Since last I wrote, we've celebrated the 200th anniversary of Pride & Prejudice, and my list of Twitter followers broke the 20 threshold. The conglomeration of synapses which is my brain combines these two things to ponder the constant flux in culture.
I’m the one never given a Netflix vote in our house because inevitably, I choose a costume drama. At sixteen, my favourite author was Tolstoy and even today, I’m not above causing a pained look on my son’s face by admitting in public that I really love Dickens. Along the way, I’ve read everything Austen.
My current read.
Don’t get me wrong. I’m happy with my era. While I quite fancy Georgian breeches, they in no way compensate for the lack of antibiotics. It’s the effect of time and place on perception that intrigues me. Who would I be, had I been born a hundred years earlier than I was?
Obviously the hired help.
But cultural change happens today at a rate I imagine is unprecedented. If you were walking down the street and overheard a conversation between two strangers, would you interject? Would you interject abusively? If you were at a party talking to an interesting person who changed the subject to something that didn’t interest you, would you walk away without excusing yourself?
Or would you cut off their virtual head?
These things happen on the internet all the time.
Being a newbie, the Twitter culture still fascinates me. The compression of complex communications into 140 characters, the etiquette, the sudden and truly wonderful connections with a wider community. Followers come and go so quickly, it has nothing to do with me. I’m the person followed, but the following isn’t personal. When I post a blog pertinent to the texture and flavour of bananas, then I collect a banana enthusiast following. When my next blog is about the evils which be snow, I lose banana followers and gain snow invasion conspiracists.
Big Nosed dog rescue.
This may seem basic e-procedure, but it’s also a cultural dynamic. With the information overload on the web, we have to discern and discard quickly. It’s what our brains do in order to set aside the superfluous when there’s a tiger stalking us. In fact, we have a wonderful ability to habituate and ignore irrelevant stimuli. Stick a rose under your nose and see how soon you stop smelling it.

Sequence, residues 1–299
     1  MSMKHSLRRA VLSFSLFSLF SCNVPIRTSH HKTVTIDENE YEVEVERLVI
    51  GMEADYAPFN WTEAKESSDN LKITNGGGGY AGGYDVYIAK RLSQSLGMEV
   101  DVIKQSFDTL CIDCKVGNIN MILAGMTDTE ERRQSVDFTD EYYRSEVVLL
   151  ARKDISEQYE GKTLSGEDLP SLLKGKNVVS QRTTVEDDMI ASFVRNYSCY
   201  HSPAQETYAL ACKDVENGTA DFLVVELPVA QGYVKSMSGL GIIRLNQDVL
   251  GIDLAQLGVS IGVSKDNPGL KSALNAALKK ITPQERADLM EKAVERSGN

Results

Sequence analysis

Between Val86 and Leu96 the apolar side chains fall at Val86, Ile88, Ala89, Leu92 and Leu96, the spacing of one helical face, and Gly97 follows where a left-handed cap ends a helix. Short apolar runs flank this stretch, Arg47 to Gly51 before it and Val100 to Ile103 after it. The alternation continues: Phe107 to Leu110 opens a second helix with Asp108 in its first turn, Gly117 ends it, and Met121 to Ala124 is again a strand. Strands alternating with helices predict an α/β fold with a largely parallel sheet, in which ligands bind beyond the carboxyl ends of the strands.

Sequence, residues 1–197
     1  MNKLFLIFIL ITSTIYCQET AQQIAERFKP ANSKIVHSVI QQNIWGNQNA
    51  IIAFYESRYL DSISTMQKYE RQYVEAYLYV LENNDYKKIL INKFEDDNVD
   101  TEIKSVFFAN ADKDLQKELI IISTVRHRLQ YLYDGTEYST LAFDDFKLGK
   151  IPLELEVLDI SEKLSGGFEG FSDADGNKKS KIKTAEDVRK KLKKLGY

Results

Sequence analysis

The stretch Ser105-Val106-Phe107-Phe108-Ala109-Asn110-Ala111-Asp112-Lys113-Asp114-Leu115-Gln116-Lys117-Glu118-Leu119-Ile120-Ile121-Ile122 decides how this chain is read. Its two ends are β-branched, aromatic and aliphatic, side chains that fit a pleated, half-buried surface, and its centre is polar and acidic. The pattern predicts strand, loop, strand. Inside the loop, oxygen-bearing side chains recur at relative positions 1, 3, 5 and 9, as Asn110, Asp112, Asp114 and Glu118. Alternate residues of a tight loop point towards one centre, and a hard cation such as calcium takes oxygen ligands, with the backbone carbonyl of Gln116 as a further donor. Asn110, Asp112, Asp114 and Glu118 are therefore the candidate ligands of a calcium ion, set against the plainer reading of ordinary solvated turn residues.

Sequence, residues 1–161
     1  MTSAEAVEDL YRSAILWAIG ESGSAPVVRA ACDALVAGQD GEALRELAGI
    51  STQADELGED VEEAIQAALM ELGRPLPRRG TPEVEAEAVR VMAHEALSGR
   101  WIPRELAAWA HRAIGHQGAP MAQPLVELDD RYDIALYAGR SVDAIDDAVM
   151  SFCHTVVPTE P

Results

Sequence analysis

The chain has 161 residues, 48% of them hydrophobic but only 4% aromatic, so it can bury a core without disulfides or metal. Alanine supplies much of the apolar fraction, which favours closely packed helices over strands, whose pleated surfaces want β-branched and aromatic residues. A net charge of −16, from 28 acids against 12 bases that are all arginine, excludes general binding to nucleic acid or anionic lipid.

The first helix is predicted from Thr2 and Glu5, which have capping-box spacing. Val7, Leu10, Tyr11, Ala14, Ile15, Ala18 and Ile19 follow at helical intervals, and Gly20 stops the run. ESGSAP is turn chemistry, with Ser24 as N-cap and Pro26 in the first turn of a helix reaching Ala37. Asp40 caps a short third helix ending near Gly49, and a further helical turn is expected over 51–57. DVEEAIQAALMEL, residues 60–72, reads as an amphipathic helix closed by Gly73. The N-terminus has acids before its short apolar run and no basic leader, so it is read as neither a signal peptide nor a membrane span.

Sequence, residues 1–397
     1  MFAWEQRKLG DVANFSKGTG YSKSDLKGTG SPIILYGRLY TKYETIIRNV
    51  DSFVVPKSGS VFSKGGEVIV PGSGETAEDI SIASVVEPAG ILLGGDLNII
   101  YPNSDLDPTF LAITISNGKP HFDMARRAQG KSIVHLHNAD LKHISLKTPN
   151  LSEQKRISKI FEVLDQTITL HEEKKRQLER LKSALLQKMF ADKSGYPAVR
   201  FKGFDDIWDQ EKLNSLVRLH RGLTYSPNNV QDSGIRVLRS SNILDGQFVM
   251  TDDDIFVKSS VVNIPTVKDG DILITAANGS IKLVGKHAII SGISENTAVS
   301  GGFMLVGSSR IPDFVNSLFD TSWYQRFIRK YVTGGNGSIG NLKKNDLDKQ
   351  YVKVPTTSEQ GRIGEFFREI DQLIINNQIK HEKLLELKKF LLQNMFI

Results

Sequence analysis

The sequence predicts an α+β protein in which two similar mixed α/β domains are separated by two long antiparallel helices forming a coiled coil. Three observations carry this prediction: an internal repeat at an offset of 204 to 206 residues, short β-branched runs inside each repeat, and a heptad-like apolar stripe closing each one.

But . . . on the other side of the snow blog that you’ve rejected, there is a person. We are changing the way we interact with and habituate people. Don’t think I’m gearing up to rage about the erosion of society. This is an observation on society in flux. Just as I look backwards via Austen, Tolstoy and Dickens into an imperfect representation of their societies and try to imagine that experience, I look forward to myself growing old in a society that puts an electronic spin on interpersonal dynamics.
So the Tolstoy loving teen that I was didn’t own a mobile and had limited access to the telephone because there was no call waiting. Notes were passed, not text messages, and depending on the situation, might be confiscated by adults loitering in my environment. Letters often took a week to arrive, were written on paper chosen to designate the level of intimacy with and personality of the sender AND the handwriting was as personal as the message inside. Communication took time, attention to detail and could be attributed to its source.
Today, if you wait 24 hours to answer an emotion wrought text or email, you’re ignoring the sender, rather than giving it the weight you may think it deserves. The generation growing up with electronic and instant communications has to field and respond at what my teenage self would have thought was an impossible speed. There will be a trade off for this virtual age, but I believe humanity will still want to belong, will still want authenticity and intimacy in its relationships. I hope I’m founded in that belief because I think it will be a singular challenge.
Unlike our excursions into the past, we won’t have a map.